there is a relationship between high summed quotient values and effects, such as toxicity. Basically, it shows that in areas where there are a variety of chemical constituents in the sediments at elevated concentrations (typically in urban or industrial areas), there tends to be toxicity in the sediments. This does not mean, however, that there is any relationship between the concentration of a single constituent, or the sum of the constituents that were included in the evaluation, and the toxicity found. The toxicity found could readily have been due to some unmeasured constituent, or several constituents, through additive toxicity, which are each below the individual guideline value. The summed quotient approach depends on the number of constituents, such as the number of PAHs, that are included in the evaluation. There are a number of attempts to use Long and Morgan sediment quality guideline values (ERMs, ERLs) as “screening” values, in which it is assumed that, if the concentrations of the various constituents that are considered in the evaluation are below guideline values, the sediments do not represent a threat to water quality, and that concentrations above the guideline value are typically associated with a constituent in sediments causing adverse impacts. The use of Long and Morgan co-occurrence-based values for sediment screening is technically invalid. The fundamental problem with this approach is that there are constituents in the sediments that are toxic to aquatic life, yet are not included in the evaluation. This is one of the fundamental flaws of the Long and Morgan original approach, in that they used a considerable part of the authors’ 1970s Corps of Engineers data in developing the original guideline values, but they did not use ammonia, low dissolved oxygen or sulfide, for which data were available in the database. It is well established that the most common cause of sediment toxicity and adverse impacts on organisms is low dissolved oxygen, the presence of sulfides and/or ammonia. Ammonia is present in many sediments at concentrations that are toxic to aquatic life. To ignore ammonia toxicity in making a sediment quality evaluation is technically invalid and shortsighted in terms of the purpose of sediment quality guidelines – namely, to make an evaluation of the potential significance of a particular contaminant in sediments. To a benthic organism it makes little difference whether it is killed by a heavy metal that is in a toxic/available form or by ammonia. It is still dead. Therefore, any sediment evaluation that ignores ammonia toxicity is inappropriate. The origin of the low dissolved oxygen (DO), elevated sulfide and ammonia in sediments is related to the trophic status of the waterbody. Waterbodies with elevated algal content (higher degrees of eutrophication) tend to deposit more algae in sediments, which, when they decompose, use up the oxygen present in the sediments. This leads to sulfate reduction to sulfide and an accumulation of ammonia associated with the minimization of organic nitrogen in the algal and other plant material that accumulates in the sediments. Therefore, the ammonia/sulfide/low-DO toxicity is typically related to the input of nitrogen and phosphorus to the waterbody that stimulates algal growth. Pesticide-Caused Toxicity. As Lee, et al. (1999) and Lee and Taylor (2003) reported, urban area stormwater runoff in California and many other areas contains elevated concentrations of the organophosphorus pesticides diazinon and chlorpyrifos. This is a result of the use of these pesticides by the public on their property to control ants, termites and other home and garden pests. The organophosphorus pesticides are highly toxic to certain zooplankton, such as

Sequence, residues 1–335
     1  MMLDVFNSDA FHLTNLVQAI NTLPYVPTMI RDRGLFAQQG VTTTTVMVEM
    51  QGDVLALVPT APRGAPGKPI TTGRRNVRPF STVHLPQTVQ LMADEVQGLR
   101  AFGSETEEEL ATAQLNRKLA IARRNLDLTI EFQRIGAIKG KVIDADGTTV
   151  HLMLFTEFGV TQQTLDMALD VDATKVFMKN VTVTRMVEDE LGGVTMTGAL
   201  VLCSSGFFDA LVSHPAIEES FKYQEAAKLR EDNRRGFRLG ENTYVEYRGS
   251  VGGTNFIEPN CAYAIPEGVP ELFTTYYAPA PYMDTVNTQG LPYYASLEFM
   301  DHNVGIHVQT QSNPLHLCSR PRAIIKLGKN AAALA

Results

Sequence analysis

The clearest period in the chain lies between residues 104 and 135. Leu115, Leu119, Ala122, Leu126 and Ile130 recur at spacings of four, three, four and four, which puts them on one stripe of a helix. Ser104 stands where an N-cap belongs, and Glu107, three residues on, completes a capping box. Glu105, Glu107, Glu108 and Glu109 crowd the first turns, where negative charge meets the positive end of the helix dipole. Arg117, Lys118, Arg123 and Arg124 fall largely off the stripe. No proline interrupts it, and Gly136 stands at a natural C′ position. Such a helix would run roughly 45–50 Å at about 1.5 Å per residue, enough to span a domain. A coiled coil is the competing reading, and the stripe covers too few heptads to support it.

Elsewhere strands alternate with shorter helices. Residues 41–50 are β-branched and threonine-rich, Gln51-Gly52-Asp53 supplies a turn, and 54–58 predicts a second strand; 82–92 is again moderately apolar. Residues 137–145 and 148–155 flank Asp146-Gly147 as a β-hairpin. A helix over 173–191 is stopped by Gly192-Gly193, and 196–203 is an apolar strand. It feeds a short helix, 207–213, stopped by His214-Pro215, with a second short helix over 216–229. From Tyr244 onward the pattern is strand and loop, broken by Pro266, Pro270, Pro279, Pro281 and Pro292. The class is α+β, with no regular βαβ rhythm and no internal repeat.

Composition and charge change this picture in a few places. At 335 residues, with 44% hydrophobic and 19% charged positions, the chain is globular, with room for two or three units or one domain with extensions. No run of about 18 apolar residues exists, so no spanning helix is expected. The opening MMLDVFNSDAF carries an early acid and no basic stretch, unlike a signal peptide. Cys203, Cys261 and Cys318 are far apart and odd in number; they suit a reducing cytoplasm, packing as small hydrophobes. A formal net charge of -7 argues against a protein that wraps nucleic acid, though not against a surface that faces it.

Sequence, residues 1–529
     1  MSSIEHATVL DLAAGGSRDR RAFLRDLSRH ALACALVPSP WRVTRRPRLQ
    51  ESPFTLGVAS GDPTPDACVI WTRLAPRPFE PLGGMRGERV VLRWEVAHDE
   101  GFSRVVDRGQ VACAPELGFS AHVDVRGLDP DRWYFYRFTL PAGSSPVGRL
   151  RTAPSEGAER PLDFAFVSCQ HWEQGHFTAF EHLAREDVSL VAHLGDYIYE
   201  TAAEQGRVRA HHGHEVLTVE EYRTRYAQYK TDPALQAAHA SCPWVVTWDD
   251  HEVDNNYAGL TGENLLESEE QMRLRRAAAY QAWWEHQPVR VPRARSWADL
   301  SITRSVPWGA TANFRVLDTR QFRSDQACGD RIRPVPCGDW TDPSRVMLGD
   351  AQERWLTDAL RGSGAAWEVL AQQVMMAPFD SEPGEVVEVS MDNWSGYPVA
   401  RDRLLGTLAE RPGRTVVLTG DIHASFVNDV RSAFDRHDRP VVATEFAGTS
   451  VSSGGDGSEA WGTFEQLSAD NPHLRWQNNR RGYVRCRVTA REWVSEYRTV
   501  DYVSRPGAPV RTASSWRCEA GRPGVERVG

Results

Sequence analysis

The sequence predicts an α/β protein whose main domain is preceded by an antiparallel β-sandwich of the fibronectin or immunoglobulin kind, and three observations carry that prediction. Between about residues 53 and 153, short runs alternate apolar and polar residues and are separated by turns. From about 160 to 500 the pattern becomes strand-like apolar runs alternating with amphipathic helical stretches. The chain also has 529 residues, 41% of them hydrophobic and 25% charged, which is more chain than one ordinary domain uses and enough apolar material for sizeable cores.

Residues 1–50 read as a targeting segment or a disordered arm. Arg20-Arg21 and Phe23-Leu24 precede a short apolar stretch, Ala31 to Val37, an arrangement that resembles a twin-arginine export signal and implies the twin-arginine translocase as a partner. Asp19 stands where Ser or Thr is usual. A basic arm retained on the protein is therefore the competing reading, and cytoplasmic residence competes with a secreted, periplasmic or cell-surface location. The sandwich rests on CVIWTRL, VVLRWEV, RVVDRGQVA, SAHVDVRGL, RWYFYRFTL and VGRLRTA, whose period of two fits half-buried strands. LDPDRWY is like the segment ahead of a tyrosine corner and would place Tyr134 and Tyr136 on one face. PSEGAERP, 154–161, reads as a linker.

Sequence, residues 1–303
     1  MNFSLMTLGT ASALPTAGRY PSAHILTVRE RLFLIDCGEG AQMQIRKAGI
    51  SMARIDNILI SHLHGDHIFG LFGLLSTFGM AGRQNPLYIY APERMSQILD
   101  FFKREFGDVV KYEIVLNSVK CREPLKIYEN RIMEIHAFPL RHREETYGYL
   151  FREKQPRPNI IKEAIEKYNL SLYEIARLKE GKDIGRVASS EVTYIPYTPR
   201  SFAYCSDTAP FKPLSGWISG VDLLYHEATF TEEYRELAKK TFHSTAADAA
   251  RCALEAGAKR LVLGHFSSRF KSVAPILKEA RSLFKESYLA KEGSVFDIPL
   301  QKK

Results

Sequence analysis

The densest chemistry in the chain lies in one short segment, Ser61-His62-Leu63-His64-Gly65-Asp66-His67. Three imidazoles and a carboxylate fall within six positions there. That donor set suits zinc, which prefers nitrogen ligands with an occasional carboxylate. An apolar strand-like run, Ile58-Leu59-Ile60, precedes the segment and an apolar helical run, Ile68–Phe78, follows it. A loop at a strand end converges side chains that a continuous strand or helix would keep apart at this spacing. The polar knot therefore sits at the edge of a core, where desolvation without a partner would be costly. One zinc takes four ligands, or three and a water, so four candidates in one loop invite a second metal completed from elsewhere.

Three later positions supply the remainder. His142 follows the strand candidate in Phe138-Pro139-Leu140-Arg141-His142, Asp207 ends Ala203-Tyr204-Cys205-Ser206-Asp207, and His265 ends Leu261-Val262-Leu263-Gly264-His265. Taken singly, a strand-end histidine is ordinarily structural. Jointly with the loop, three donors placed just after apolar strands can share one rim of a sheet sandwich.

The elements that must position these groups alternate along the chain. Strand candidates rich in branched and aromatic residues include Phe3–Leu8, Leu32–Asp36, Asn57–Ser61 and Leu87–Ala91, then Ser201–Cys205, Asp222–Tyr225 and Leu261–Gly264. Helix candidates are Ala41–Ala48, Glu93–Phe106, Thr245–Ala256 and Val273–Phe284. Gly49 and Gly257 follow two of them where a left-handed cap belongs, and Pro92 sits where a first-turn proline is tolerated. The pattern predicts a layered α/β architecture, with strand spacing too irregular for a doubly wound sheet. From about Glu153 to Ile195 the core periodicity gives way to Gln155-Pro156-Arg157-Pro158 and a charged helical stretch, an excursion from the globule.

Ceriodaphnia. They are not especially toxic to fish. The US EPA has determined that these pesticides represent a threat to the health of children, and chlorpyrifos has been banned from further sale in urban areas. Diazinon is being phased out, so that by December 2004 it will no longer be sold in urban areas for residential use. The pyrethroid pesticides, however, are being sold in large amounts as replacements for the organophosphorus pesticides. Pyrethroid pesticides are as toxic, if not more toxic, to zooplankton and fish. One of the differences between the organophosphorus pesticides and the pyrethroid-based pesticides is that pyrethroids tend to sorb strongly on sediments. Weston (2003) has reported finding that sorbed pyrethroid-based pesticides are bioavailable to at least some benthic organisms (i.e., can be taken up from the benthic organism’s intestinal tract). Further, Weston found that these same sediments are toxic to some benthic organisms. It is not clear from the work that has been done thus far whether the toxicity is due to the pyrethroid pesticides. There is no doubt that, in areas where pyrethroid pesticides are sold over the counter for residential use, which is many areas of the US, pyrethroid-based pesticides will be present in stormwater runoff from the areas where they are used, and they will accumulate in the receiving water sediments. Any attempt to screen these sediments for potential adverse impacts due to heavy metals or other constituents for which Long and Morgan or MacDonald have developed a guideline value, will miss the potential for the pyrethroid-based pesticides in the sediments to be adverse to sediment quality. Pyrethroid pesticides are not the only chemicals of this type. There are many chemicals that can be present in sediments, which are not part of the co-occurrence-based sediment quality guideline evaluation, which can be adverse to sediment quality and not be properly “screened” by the use of co-occurrence-based approaches. It will be extremely important that port and harbor water quality managers not assume that toxicity in stormwater runoff or sediments is due to heavy metals, since it is unlikely that this will be the case, even though the heavy metal concentrations found exceed the US EPA water quality criteria. It will be important to use toxicity identification evaluations (TIEs) to identify the cause of toxicity in stormwater runoff and in the receiving waters for this runoff and their sediments in order to properly identify the cause of toxicity. The opposite type of problem is commonly occurring, in which regulatory agencies and others use a co-occurrence-based guideline value as a regulatory limit, which, if exceeded, trips the need to take remedial action. The use of Long and Morgan so-called “guidelines” as screening values for measured constituents would tend to overestimate their significance. It would be indeed rare that the total concentration of a constituent in sediments, which is the basis for the Long and Morgan values, would be a proper assessment of potential adverse impacts. This situation has led to overregulation of nonpollutants. However, the use of Long and Morgan or MacDonald guideline values does occur, especially by those who just want a number of some type, so that they can proceed with their project, or so that they can claim that they are regulating sediment-associated constituents. These values give a false sense of reliability to those who want a number, in order to proceed with their project.